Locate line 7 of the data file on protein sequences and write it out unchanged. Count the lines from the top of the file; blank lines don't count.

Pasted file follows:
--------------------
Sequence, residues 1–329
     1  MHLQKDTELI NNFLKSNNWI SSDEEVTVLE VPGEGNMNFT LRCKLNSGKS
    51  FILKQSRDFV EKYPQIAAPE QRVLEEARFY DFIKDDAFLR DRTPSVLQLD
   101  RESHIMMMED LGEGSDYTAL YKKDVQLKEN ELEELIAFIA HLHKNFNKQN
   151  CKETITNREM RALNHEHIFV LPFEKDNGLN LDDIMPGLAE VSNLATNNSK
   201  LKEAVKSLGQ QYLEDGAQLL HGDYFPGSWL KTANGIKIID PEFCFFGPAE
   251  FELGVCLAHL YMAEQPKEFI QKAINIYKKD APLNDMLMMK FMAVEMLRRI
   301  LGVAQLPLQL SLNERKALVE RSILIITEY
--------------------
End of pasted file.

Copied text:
   251  FELGVCLAHL YMAEQPKEFI QKAINIYKKD APLNDMLMMK FMAVEMLRRI